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Woman Becomes 1st Inmate in Philadelphia to Die From Coronavirus

The son of another female inmate in the same unit as the woman who died told NBC10 about life for his mother at Riverside Correctional Facility as the outbreak spreads inside the prison.

A Philadelphia correctional officer as seen at the Curran-Fromhold Correctional Facility in Philadelphia, Monday, Dec. 18, 2017.
Matt Rourke/AP

A female inmate at one of Philadelphia's correctional facilities died after contracting COVID-19, the disease caused by the coronavirus, city officials said Tuesday.

The woman, who was identified only as in her 40s, had been locked up in the city prison system for about a year and a half, Prisons Commissioner Blanche Carney said.

She was the first inmate of the prison system to die of the coronavirus. A total of 206 city residents have died during the pandemic. Carney declined to give more details about the woman out of respect for her family.

"I want to remind everyone that incarcerated men and women are human beings," Mayor Jim Kenney said. "They are someone’s family member and friend, and we owe them the dignity of acknowledging their life and their passing."

The son of another woman serving time in the same unit at Riverside Correctional Facility as the inmate who died told NBC10 that his mother is confined to her cell for 23 1/2 hours a day.

Anthony Torres said his mother, Sandra Sanchez-Pacheco, gets 15 minutes in the morning to leave her cell and another 15 minutes at night. She told her son that the three other women in her unit also contracted COVID-19, in addition to the woman who died.

"It’s like being in solitary. That drives people crazy," Torres said. "She used her 15 minutes to call me, bawling her eyes out. She doesn’t want to die in there. She wants to get out and see her grandkids."

Sanchez-Pacheco, of the Kensington section of Philadelphia, is 53 years old with two sons and six grandchildren, Torres said. She is about eight months into a 23-month prison term, according to her son and court records. She pleaded guilty last year to a drug-related charge. Court records indicate she is serving a term of 11-to-24 months.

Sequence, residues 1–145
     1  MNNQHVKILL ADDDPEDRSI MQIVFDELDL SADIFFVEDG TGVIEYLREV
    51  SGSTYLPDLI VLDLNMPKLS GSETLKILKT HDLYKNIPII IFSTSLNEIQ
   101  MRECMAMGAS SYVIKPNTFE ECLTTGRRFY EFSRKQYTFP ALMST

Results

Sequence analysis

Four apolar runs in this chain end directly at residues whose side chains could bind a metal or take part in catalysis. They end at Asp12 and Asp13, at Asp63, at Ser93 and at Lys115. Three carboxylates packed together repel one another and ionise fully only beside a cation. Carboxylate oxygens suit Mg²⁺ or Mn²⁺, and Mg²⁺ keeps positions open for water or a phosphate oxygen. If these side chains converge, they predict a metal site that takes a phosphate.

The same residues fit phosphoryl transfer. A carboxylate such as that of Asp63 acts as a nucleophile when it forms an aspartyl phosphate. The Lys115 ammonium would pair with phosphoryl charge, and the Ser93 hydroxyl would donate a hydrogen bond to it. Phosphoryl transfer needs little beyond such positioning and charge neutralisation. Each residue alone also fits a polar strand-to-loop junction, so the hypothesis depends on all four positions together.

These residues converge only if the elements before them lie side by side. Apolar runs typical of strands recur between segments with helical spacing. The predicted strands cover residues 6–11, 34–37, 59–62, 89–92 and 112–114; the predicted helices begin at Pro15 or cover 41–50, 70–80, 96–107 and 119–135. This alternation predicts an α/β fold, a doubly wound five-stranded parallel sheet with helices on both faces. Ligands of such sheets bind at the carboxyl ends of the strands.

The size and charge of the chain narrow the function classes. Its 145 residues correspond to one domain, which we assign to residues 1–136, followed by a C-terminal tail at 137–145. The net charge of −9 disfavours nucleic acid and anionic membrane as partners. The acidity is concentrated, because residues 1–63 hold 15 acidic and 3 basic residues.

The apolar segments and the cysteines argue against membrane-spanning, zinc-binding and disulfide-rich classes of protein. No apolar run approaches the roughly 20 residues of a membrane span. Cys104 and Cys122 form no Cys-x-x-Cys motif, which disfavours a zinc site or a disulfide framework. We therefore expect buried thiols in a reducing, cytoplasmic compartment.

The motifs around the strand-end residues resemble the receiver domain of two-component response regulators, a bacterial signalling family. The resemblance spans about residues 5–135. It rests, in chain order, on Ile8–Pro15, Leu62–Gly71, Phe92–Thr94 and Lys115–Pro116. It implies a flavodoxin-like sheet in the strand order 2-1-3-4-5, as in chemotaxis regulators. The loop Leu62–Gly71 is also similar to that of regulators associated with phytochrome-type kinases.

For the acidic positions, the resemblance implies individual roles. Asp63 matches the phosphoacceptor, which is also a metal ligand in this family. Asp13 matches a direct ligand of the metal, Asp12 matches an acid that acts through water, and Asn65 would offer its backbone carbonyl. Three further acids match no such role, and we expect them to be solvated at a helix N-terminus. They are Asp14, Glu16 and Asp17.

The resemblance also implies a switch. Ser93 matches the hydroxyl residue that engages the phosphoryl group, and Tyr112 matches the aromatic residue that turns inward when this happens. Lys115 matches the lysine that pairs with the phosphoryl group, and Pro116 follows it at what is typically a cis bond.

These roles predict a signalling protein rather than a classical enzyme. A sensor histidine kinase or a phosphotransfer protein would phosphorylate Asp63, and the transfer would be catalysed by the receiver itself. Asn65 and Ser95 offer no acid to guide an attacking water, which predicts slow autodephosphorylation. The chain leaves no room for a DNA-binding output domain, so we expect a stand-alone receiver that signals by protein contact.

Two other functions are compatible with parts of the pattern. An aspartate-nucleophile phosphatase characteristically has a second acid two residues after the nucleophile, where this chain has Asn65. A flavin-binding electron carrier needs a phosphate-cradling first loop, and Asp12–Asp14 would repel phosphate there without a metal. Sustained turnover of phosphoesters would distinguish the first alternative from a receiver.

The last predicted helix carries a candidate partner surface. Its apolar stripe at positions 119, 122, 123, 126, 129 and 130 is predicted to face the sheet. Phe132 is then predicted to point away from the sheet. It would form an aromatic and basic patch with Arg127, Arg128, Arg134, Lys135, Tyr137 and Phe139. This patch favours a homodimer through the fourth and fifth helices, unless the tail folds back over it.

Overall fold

Torres said he would like to try to ask a judge to let her finish her sentence on house arrest, or serve house arrest until the pandemic is over. But getting a hold of anyone in the legal system has not worked.

"I tried talking to her lawyer. He’s not in the office," Torres said. "I’ve been trying to talk to the public defender’s office. I couldn't reach anyone. My mother wrote a letter to the judge's chambers. I’m assuming the judge i working from home."

He added, "She’s scared to die in there. She’s terrified and I’m terrified for her."

Judges are still hearing petitions for releasing inmates, and District Attorney Larry Krasner and the Defender's Association last month compiled a list of 2,000 inmates recommended for release from city prisons.

Last week, there were hearings for 120 inmates on Tuesday, Krasner told NBC10. He said that number grew Wednesday and Thursday.

The city's prison population has declined rapidly during the Kenney administration, with advocacy from the District Attorney's office to reform how bail is given and what type of offenses would be charged. Kenney said at his daily press briefing on Tuesday that the current number of city inmates is 50% what it was when he took office in 2016.

He described the prisons department as "extremely proactive" in updating protocol and procedures during the outbreak. He also noted that the prison population in city prisons is down 50 percent since he took off in 2016.

The woman was transferred to a city hospital last week, and died Tuesday morning, officials said.

"She had been under constant medical supervision," Kenney said. "But despite these efforts, she succumbed to the virus this morning."

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